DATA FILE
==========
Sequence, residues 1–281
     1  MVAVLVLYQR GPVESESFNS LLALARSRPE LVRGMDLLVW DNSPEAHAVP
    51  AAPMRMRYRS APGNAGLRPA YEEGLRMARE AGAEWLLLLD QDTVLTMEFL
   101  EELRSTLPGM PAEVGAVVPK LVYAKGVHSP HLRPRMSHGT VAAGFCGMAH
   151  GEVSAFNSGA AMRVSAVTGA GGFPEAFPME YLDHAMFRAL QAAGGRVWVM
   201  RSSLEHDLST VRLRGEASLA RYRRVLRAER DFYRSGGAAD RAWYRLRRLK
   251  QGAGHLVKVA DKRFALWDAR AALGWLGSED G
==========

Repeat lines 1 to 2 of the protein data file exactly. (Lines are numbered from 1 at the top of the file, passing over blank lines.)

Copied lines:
Sequence, residues 1–281
     1  MVAVLVLYQR GPVESESFNS LLALARSRPE LVRGMDLLVW DNSPEAHAVP